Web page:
Trump: US to begin cutting foreign aid over migrant caravan

President Donald Trump has said the US will “begin cutting off” foreign aid to Guatemala, Honduras and El Salvador over the unfolding migrant crisis.

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Mr Trump criticised the countries on Monday for allowing people to leave the region and come “illegally” to the US.

The comments mark the latest attempt by Mr Trump to revive a national conversation about immigration before the US mid-term elections.

The caravan of thousands is now making its way through Mexico towards the US.

In 2017, Guatemala received over $248m (£191m) in US aid. The same year, Honduras received $175m and El Salvador $115m, according to the US Agency for International Development.

Mr Trump accused the migrants of trying to illegally enter the US, but many of the families travelling towards the border are seeking asylum.

The migrants say they are fleeing persecution, poverty and violence in their home countries.

Without offering evidence, Mr Trump has also repeatedly suggested the caravan was politically motivated.

“The Caravans are a disgrace to the Democrat Party. Change the immigration laws NOW!'” he said in an earlier tweet

Where are the migrants now?

On Sunday, the migrant caravan reached the town of Tapachula, approximately 37km (23 miles) from Mexico’s southern border with Guatemala.

The Mexican authorities had earlier tried to stop them at a border bridge, but some managed to cross into Mexico illegally by boat over the Suchiate river.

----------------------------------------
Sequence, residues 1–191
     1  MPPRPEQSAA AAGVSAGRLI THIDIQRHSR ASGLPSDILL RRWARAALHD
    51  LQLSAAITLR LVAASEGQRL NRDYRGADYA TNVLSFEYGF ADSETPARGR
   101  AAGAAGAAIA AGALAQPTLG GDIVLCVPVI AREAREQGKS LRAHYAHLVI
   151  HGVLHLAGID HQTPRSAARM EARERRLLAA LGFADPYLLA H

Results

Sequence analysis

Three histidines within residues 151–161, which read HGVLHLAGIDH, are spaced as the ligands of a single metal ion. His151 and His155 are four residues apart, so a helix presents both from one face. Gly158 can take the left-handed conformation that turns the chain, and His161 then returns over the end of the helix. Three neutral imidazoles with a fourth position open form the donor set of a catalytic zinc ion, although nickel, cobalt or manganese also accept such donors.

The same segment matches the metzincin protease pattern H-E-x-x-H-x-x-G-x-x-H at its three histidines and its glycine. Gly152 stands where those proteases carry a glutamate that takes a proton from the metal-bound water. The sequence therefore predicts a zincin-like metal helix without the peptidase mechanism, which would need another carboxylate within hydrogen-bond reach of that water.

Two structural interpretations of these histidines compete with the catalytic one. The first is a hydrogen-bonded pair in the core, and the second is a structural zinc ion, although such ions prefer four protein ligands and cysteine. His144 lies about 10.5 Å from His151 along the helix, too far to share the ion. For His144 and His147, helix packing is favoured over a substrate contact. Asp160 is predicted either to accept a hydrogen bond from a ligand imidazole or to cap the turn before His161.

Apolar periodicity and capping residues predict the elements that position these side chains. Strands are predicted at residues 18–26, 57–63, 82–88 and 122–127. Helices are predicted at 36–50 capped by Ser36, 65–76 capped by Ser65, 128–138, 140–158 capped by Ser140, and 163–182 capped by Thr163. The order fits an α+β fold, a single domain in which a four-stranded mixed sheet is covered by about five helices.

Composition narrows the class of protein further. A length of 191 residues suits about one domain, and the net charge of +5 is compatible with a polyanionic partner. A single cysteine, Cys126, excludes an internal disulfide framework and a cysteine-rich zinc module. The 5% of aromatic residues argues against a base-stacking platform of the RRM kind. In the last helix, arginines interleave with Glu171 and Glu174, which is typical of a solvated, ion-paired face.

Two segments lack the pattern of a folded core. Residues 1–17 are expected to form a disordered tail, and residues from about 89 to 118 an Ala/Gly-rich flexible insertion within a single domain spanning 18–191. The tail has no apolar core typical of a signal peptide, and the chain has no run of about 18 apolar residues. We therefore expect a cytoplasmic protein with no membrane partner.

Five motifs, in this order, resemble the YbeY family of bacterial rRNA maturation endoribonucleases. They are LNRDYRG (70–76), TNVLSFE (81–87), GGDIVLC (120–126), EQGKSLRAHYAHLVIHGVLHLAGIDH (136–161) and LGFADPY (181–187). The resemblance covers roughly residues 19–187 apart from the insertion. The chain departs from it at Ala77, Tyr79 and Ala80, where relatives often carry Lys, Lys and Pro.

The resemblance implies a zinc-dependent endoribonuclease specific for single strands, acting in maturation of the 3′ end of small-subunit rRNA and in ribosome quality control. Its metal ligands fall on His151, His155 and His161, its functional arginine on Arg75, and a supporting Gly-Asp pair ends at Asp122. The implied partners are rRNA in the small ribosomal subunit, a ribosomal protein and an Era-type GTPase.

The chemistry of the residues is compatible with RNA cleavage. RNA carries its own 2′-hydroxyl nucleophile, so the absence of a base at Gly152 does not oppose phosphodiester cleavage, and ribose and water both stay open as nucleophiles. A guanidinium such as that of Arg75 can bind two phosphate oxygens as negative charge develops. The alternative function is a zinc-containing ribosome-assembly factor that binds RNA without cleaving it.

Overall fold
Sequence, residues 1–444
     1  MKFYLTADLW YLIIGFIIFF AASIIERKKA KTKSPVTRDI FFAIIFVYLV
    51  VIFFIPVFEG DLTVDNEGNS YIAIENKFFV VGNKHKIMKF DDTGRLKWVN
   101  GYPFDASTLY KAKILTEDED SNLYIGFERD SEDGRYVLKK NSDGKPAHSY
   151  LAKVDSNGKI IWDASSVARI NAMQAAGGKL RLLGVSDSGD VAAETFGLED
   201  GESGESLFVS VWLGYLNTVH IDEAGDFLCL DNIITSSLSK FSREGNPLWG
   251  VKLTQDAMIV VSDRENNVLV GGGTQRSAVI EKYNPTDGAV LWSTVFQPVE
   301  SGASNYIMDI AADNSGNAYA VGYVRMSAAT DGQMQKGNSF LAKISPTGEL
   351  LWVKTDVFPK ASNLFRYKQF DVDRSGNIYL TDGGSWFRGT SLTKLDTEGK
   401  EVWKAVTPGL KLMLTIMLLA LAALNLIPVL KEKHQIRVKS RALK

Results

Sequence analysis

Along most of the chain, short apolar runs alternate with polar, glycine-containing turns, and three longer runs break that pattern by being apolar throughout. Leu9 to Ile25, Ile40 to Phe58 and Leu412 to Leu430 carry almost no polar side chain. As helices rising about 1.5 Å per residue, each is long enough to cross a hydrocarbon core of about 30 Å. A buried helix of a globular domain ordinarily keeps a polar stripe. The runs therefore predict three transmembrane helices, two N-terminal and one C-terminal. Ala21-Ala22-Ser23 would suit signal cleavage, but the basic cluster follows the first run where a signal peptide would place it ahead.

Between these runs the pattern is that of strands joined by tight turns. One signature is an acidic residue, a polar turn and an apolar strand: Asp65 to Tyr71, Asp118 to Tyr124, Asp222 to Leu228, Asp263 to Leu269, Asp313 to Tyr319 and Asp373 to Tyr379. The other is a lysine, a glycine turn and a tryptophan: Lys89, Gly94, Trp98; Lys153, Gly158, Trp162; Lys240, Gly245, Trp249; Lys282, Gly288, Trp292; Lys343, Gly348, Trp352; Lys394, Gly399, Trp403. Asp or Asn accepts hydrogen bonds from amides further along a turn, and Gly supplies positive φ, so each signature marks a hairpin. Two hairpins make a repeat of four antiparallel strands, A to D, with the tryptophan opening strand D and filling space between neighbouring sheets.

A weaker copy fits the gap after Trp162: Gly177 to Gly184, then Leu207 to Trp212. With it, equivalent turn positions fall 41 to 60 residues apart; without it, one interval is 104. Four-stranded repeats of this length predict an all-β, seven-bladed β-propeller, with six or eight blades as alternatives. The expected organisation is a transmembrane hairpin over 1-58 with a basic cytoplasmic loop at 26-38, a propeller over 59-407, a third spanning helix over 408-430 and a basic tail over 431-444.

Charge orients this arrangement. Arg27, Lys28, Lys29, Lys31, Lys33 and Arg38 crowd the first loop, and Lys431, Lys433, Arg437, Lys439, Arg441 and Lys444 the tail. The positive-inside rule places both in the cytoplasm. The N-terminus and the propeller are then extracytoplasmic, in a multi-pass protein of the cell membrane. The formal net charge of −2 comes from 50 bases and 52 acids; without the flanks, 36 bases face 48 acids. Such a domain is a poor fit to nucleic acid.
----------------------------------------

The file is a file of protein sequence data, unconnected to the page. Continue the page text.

“We have sunburn. We have blisters. But we got here. Our strength is greater than Trump’s threats,” migrant Britany Hernández told AFP news agency.

It is expected to take weeks before the caravan reaches the US-Mexico border, according to US media.

One of the closest border crossings in Brownsville, Texas is still over 1,000 miles (1,600 km) away from Tapachula.

The last leg of their journey will also have to wait until Mexico processes the group, and asylum claims can take up to 45 days.

Why is President Trump reacting so strongly?

Curbing illegal immigration was one of the main campaign promises Mr Trump made when he ran for president.

His Republican Party is facing mid-term elections on 6 November and could be unseated by Democrats in the House of Representatives. Immigration is the most important issue facing the US, say 15% of all voters.

While Mr Trump would not be in favour of allowing thousands of Central American migrants to enter the US, the caravan is exactly the kind of issue that could energise his supporters.

Mr Trump on Monday also urged people to blame Democrats for the border crisis, saying: “Remember the mid-terms”.

Conservative media in the US have honed in on the president’s claims that the group is full of people – and criminals – seeking to illegally enter the US, as well as his remarks blaming Democrats for the crisis.

Who are the migrants?

A group of about 1,000 Hondurans set off on foot from a bus terminal in the crime-ridden city of San Pedro Sula on 13 October in an attempt to escape unemployment and the threat of violence.

Many of them had become aware of the caravan after a former lawmaker had published a poster announcing the caravan on Facebook. News of it quickly spread on social media.

They have since been joined by other Central American nationals as they crossed Guatemala towards the Mexican border.

The region has one of the highest murder rates in the world and many try to flee gang violence.

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